It’s Monday November 16, 2015. It’s the day after the second NJ All-State Mixed Chorus concert. I am about to wax nostalgic.
This year, the NJ All-State Mixed Chorus was conducted by Dr. Anthony Leach from Penn State. I have known Tony for a number of years as we have adjudicated together and he served as a clinician for our Choralpalooza. I had recommended him to the Choral Procedures Committee and when he was chosen, I agreed to serve as his rehearsal and concert assistant – start to finish.
In New Jersey, students audition for the All-State Chorus in April. There are two weekends of auditions (North and South). Students audition with high, low and chromatic scales, a Solo and their voice part in a music-minus-one recording of Gibbons The Silver Swan (V1). They also have a 4-measure tonal memory exercise to sing for pitch and rhythmic accuracy. Approximately 325 singers are chosen for the Mixed Choir and approximately 160 add’l women are chosen to create the All-State Women’s Choir. The first rehearsal for both choirs is held in June and add’l rehearsals are held in September and October for the Mixed Choir and in January and February for the Women’s Choir. The Mixed Choir performs in November at the close of the NJEA Teacher’s Convention in Atlantic City and then again at NJPAC in Newark. The Women’s Choir performs as a part of the NJMEA Convention in East Brunswick in February and their concert hall is also NJPAC in Newark.
The All-State organization is near and dear to my choral heart. Walking into what is now known as Boardwalk Hall (previously the Atlantic City Convention Center), was surprisingly emotional for me. When I saw the empty bleachers where the choir would soon assemble to sing, I was catapulted back to my high school days because I sang in the NJ All-State Choir. I stood on the platform upon which Tony would stand when I conducted the NJ All-State Mixed Choir in 1991. And now I was back in the same space, many years later, serving as an assistant and reveling in all of the memories that were swirling through my head. What a ride it’s been!
The All-State Chorus and Orchestra arrive and check-in on Wednesday afternoon, have dinner and settle into a lengthy evening rehearsal. There are three time blocks of rehearsals on Thursday and two on Friday prior to the downbeat at 8:30p. These are long days with a lot of hours in them! Any of you who work with high school singers can easily imagine the challenges that are associated with the organization of a production of this magnitude which spans over two and a half days of intense rehearsal. You can also easily imagine the challenge and frustration in the age of the cell phone which seems to be attached to the palm of every young musician during rehearsal! (No need to expand on that thought…)
But, when we get to the Friday morning rehearsal, I find myself all verklempt. I could blame the emotions on fatigue combined with the 4-6 long walks we faced each day in moving from Boardwalk Hall back to the Claridge Hotel where we were staying. But the truth is, the emotions were coming from the nostalgia of being in the same performance space that profoundly impacted me at the very same age of these young singers. As I watched their faces, I knew that indelible memories were being made with every note they sang. Musical phrases were changing lives. Precious and innocent young minds were being swept into the fast flowing abyss of rhythms and harmonies. The universal language of music was speaking to each and every one of them.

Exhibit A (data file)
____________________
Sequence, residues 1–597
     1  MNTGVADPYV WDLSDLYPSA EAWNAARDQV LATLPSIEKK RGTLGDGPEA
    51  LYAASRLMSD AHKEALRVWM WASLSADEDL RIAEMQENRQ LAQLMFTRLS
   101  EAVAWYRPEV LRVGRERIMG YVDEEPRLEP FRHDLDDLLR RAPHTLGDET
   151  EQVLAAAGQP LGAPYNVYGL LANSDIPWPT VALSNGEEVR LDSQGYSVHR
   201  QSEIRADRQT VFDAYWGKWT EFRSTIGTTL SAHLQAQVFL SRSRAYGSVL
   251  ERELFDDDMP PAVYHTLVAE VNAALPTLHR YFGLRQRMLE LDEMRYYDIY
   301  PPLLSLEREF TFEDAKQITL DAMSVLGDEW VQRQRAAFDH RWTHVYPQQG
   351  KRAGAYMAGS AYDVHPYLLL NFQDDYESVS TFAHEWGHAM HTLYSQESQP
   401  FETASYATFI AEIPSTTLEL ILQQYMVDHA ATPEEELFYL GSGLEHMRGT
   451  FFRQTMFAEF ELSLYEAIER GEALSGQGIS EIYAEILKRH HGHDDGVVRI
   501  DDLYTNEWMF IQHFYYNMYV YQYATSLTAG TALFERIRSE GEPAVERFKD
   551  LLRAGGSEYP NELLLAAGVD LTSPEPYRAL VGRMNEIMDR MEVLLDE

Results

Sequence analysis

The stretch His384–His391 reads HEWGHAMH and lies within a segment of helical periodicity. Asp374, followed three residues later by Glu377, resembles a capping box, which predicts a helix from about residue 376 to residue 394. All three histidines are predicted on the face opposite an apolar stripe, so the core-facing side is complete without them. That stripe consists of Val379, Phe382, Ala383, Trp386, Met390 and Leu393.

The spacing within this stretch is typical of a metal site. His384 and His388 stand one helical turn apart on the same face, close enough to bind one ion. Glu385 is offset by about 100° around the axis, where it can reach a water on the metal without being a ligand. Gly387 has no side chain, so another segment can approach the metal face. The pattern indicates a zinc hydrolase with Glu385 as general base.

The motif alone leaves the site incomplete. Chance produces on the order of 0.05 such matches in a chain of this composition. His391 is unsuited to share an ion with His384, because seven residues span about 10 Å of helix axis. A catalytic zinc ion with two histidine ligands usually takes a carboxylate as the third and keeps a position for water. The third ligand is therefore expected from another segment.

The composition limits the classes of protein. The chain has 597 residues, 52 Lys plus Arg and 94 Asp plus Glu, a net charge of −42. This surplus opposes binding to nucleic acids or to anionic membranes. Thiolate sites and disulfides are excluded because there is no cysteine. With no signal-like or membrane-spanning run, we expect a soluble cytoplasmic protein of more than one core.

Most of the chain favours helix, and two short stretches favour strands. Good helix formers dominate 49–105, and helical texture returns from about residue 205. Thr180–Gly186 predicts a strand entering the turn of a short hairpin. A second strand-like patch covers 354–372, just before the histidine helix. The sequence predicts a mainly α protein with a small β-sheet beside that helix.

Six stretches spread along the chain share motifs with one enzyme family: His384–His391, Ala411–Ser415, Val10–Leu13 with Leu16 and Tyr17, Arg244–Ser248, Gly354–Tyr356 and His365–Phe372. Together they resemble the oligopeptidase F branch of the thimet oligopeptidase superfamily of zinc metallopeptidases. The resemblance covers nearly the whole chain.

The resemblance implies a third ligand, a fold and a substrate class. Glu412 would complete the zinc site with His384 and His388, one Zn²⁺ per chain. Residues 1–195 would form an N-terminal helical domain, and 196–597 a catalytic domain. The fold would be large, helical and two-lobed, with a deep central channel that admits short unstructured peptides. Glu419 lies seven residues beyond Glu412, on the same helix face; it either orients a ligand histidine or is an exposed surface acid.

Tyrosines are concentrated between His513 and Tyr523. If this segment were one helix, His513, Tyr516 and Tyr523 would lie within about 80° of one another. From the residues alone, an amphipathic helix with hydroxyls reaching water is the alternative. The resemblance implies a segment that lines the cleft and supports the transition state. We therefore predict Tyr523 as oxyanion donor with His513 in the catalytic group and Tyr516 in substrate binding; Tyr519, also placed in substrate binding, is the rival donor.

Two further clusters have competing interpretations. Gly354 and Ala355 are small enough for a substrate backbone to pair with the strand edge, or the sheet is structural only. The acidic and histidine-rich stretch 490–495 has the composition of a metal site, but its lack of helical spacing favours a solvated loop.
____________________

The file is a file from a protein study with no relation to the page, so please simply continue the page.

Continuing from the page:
I thought about the fact that when we create choral music in any way, it feels as though we manipulate time. We create a suspended feeling where everything seems right in the world. There are no worries and no cares; the focus is absolute on the moment-to-moment creation of brilliant sound. It is powerful. It is indescribable. It overwhelms me and moves me to tears.
I then thought about these young people who now, God willing, have their whole lives in front of them. Hopes and dreams like I had, like you had. They have no idea what life will bring to them. They’ll think themselves immortal and invincible as I did; maybe you did as well. They’ll have all the answers. They’ll know it all. And then, when they least expect it, life will present itself in ways which will challenge all they thought they knew. And if they are lucky, they’ll come out the other end with a real, clear understanding of the important things in life. They’ll understand that most of it is really all small stuff. They’ll land at the part of the journey where, like me, sitting and taking in their final pre-concert rehearsal, they’ll look back from this vantage point and realize just how very precious every moment was. (The tears gently rolled down my cheek.)
The NJPAC concert was very different than the Atlantic City concert. The acoustic in NJPAC is world class. The choir is surrounded by beautiful wood panels which permit their sound to take on a depth that the cavern in Atlantic City cannot provide. They are seated directly behind the orchestra, not off to the side, and they witnessed the mastery of their orchestral peers as they beautifully performed the Symphonic Dances of West Side Story. They take pride in their achievements as they share their accomplishments with family and friends. It is a classy way to end the entire experience.
Maybe you have memories of a similar musical experience? One which may have had the same profound impact on you?
I took this video during the Mixed Choir rehearsal on Sunday. This is their set closer called CLAP PRAISE by Diane White-Clayton. The video goes black shortly after it begins. Hang in there, it’s worth the wait!
Here’s to all the folks who made the 87th NJ All-State Chorus and Orchestra concert a success. May we continue the commitment to present 87 more.
Thanks for reading.